KCRW: Looking at Killmonger [from “Black Panther”], or Adonis [from “Creed”], or those kinds of guys who take pleasure out of being physical, it really is for them making a stand and showing the world who they are. You're playing somebody who's part of a team here. And I was wondering if that was the thing that attracted you because that's not something you got to do a whole lot.
Jordan: He, begrudgingly, is in that team. I think that's something that he wasn't really looking forward to because he didn't want the responsibility, or he didn't want to be the cause of the death of anybody else around him. So I think that lone wolf, that one-man army is something that was challenged.
This is the origin story, I think we just really got a chance to see a glimmer of what he will become. When you get a chance to do it in a Tom Clancy universe, with a character like John Kelly, it has the bones of a franchise. I want to start a franchise, so this is the beginning of that business as well.
KCRW: Do you think about the role of these characters first, physically when you get them, because so many of these people are really physical in their lives? Do you like figuring out who these guys are, the way they move, the way you think about the action, is that something that really impacts you? Even down to Bryan Stevenson [in “Just Mercy”] not knowing how to move. I just think about when he's being stripped down in that prison sequence at the beginning of that movie.
Jordan: I guess that's the luxury that I have really and am excited about, that I love so much about what I'm able to do is: depending on where I'm at, as a man, as a person, as a human, what do I feel like? Telling that Bryan Stevenson story and being able to be vulnerable in those ways and being able to show strength almost by trying to be humiliated as well in that scene that you're referencing, but trying to keep it together and putting this armor back on and self sacrifice to be able to go represent these guys. But, also being able to be the physical manifestation of that frustration. To be out there, to actually be hands on and be that one man army and show a different side of that, which taps into the gamer side of me, that taps into the fun side, the adrenaline side, that taps into the action packed, the entertaining side of things.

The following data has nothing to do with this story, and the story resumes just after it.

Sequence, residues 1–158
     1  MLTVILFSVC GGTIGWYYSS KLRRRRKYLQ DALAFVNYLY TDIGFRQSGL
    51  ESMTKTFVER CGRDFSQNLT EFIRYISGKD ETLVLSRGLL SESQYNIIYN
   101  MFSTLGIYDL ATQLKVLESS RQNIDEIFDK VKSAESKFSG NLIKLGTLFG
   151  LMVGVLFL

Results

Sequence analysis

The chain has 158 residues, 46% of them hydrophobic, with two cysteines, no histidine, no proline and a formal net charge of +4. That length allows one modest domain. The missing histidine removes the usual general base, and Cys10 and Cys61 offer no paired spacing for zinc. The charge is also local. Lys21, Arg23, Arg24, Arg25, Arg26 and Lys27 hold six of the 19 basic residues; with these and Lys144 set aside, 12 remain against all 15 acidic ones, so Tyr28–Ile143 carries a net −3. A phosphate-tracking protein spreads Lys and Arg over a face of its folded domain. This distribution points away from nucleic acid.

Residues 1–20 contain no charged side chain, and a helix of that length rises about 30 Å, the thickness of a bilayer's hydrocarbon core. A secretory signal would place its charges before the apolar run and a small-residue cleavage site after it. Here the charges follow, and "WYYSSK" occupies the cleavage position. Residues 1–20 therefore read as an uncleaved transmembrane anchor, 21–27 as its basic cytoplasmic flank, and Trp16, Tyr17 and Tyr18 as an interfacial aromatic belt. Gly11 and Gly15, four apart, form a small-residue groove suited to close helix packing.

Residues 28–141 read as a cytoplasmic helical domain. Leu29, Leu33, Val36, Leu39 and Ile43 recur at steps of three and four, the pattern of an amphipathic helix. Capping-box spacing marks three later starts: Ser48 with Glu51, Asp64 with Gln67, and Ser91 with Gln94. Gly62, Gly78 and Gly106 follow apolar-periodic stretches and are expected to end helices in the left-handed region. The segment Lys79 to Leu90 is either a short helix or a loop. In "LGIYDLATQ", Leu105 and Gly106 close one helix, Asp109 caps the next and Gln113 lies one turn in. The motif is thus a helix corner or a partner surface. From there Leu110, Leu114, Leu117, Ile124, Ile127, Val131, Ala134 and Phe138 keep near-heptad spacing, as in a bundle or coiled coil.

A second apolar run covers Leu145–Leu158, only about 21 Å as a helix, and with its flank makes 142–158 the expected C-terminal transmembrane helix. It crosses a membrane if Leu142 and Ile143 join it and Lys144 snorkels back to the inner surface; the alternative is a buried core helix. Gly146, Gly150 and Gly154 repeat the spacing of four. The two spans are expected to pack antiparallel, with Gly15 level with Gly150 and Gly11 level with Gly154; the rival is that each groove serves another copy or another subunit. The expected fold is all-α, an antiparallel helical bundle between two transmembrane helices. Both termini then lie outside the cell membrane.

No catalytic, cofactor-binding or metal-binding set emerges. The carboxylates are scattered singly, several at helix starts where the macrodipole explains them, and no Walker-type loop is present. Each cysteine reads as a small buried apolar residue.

I want my career when it's all said and done, I guess, when it comes to the body of work, it's a collective. He did work that made people think and feel and laugh and cry. S---, do it while you can. There's gonna be a time when you can't.
How often do you see a guy like myself be able to do a film like this? A Black man, Black actor, you know what I'm saying? As a kid, there wasn't a lot for me to look towards, so to be able to do a movie like this, when I see younger kids or my partner's nephews and nieces asking about the movie, excited about the trailer, that's a cool feeling, man. And hopefully that inspires them to think about something that they never thought might have been possible. And if I can do work like that, that's inspiring. That makes it worth it.